Ancient Fiction: The Matrix of Early Christian And Jewish by et al Jo-Ann A. Brant (Editor)

By et al Jo-Ann A. Brant (Editor)

The essays during this quantity research the connection among historic fiction within the Greco-Roman global and early Jewish and Christian narratives. they think about how these narratives imitated or exploited conventions of fiction to provide types of literature that expressed new principles or formed neighborhood id in the moving social and political climates in their personal societies. significant authors and texts surveyed comprise Chariton, Shakespeare, Homer, Vergil, Plato, Matthew, Mark, Luke, Daniel, three Maccabees, the testomony of Abraham, rabbinic midrash, the Apocryphal Acts, Ezekiel the Tragedian, and the Sophist Aelian. This diversified assortment unearths and examines generic matters and syntheses within the making: the pervasive use and subversive energy of imitation, the excellence among fiction and background, and using background within the expression of identification.

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Extra info for Ancient Fiction: The Matrix of Early Christian And Jewish Narrative (Symposium Series)

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Hock: the educational curriculum 31 hardships, that is an especially apt way of speaking briefly and also of piling words on one another. She says: (Present) “This alone has been left out of my hardships—to enter into a courtroom! 98 And now, Tyche, I am being judged! Wasn’t it enough for you to slander me unjustly to Chaereas? No, you also gave Dionysius reason to suspect me of adultery. At that time you paraded my slander all the way to burial, now to a trial before the King. I have become a scandalous story in both Europe and Asia.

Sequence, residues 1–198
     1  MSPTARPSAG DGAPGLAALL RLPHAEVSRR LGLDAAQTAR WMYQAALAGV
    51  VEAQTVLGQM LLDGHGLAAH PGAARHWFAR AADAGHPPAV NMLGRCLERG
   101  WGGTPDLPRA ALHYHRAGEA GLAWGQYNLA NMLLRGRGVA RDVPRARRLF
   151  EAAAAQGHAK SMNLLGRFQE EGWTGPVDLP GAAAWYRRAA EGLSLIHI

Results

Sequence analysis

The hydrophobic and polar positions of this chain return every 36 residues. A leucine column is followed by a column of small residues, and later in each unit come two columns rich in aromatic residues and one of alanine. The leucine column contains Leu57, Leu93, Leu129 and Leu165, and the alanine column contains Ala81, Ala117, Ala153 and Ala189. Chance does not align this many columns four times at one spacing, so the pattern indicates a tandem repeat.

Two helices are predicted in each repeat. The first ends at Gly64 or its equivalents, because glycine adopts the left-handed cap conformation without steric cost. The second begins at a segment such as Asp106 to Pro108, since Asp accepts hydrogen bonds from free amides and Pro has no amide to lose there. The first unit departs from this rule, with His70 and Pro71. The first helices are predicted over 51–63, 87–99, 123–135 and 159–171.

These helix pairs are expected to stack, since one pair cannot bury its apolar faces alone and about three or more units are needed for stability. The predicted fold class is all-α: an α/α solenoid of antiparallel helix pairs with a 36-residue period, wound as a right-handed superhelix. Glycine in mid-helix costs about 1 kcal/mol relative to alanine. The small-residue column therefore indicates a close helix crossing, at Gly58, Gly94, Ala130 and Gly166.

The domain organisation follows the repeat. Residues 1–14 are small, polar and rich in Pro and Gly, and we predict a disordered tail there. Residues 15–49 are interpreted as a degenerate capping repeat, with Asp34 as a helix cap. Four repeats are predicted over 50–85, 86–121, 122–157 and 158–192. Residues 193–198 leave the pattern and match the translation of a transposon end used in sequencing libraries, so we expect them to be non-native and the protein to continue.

I. Marrou, A History of Education in Antiquity (trans. G. , Madison: University of Wisconsin Press, 1982), and Stanley F. Bonner, Education in Antiquity: From the Elder Cato to the Younger Pliny (Berkeley and Los Angeles: University of California Press, 1977). 2. See Alan Booth, “Elementary and Secondary Education in the Roman Empire,” Florilegium 1 (1979): 1–14; Raffaella Cribiore, Writing, Teachers, and Students in Graeco-Roman Egypt (ASP 36; Atlanta: Scholars Press, 1996); and Teresa Morgan, Literate Education in the Hellenistic and Roman Worlds (New York: Cambridge University Press, 1998).

1–10). 108 For example, Dionysius’s prooi/mion is as follows: I am grateful to you, O King, for the honor which you have shown me, the virtue of self-control,109 and the marriages of all. For you have not allowed a private citizen to be plotted against by a public official. 110 This prooi/mion prompts several rhetorical observations. 113 107. See Quintilian, Inst. 57. 108. For analysis of this speech into its parts, see Hock, “Rhetoric of Romance,” 463. 109. By my translation I reject the emendation proposed by John Jackson (see “The Greek Novelists,” CQ 29 [1935]: 52–57, esp.

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